Put simply, the IoT is made up of any device with an on and off switch to the internet. This includes anything from coffee makers and washing machines to smartphones and wearable devices such as Fitbits.
The internet of cows
The possibilities really are endless. An example of this is an IoT application that connects cows to the internet. Working with the National Trust, BT were able to monitor the cows’ location in order to prevent theft.
The IoT is not new, back in 2008 there were already more objects connected to the internet than people. In fact, the ATM is considered one of the first examples of an IoT object.
Transport is an obvious target for IoT investment. By 2020, a quarter of a billion vehicles will be connected to the internet, generating new possibilities for in-vehicle services and automated driving (Forbes). Virgin Atlantic are planning to connect a fleet of Boeing 787 aircrafts and cargo devices with IoT devices and sensors. Each connected plane is expected to produce over half a terabyte of data per flight.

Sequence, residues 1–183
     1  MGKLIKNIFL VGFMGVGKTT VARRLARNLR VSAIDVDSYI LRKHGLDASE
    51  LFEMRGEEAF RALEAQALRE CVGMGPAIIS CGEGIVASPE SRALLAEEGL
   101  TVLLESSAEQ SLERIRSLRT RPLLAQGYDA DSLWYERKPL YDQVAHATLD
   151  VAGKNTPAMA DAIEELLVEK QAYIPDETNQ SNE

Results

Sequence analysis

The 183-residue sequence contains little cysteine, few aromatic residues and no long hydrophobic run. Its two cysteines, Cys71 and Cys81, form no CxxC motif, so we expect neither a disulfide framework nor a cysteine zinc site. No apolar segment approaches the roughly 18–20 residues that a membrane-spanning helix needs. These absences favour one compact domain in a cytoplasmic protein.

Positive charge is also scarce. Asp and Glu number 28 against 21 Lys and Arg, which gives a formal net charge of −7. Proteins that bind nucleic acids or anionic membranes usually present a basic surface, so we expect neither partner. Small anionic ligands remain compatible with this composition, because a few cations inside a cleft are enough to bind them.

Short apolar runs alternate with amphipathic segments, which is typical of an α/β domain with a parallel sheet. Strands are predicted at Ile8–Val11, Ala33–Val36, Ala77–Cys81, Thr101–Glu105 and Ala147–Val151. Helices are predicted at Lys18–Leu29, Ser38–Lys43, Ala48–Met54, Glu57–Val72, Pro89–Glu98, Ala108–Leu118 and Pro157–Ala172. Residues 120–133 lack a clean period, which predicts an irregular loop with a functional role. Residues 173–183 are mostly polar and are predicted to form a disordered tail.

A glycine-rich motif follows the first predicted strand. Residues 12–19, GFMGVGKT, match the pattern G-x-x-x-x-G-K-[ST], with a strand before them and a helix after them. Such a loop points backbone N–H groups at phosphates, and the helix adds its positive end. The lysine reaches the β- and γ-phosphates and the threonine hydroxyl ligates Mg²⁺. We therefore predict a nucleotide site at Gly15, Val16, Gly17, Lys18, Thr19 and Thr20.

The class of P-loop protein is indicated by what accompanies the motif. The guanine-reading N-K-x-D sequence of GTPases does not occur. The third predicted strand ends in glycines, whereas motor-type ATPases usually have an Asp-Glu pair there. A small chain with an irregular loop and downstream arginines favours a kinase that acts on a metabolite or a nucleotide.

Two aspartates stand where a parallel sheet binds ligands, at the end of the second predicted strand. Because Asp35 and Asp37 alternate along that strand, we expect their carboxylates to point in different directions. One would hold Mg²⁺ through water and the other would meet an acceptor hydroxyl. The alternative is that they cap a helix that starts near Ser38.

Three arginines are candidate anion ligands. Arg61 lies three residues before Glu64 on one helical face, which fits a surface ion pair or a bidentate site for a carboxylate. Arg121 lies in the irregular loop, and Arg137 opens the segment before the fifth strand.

A world of connections
The variety and extent of IoT is set to grow, creating more and more opportunities for direct integration between the physical world and computer-based systems. As a result of this interaction, businesses can improve efficiency, accuracy and productivity.
The IoT looks to become all-encompassing and for companies to take advantage of the data collected from the IoT, their ERP system needs to be flexible, intelligent and give real-time information.
This article excerpt originally appeared here: https://www.hso.com/uk/blog/de...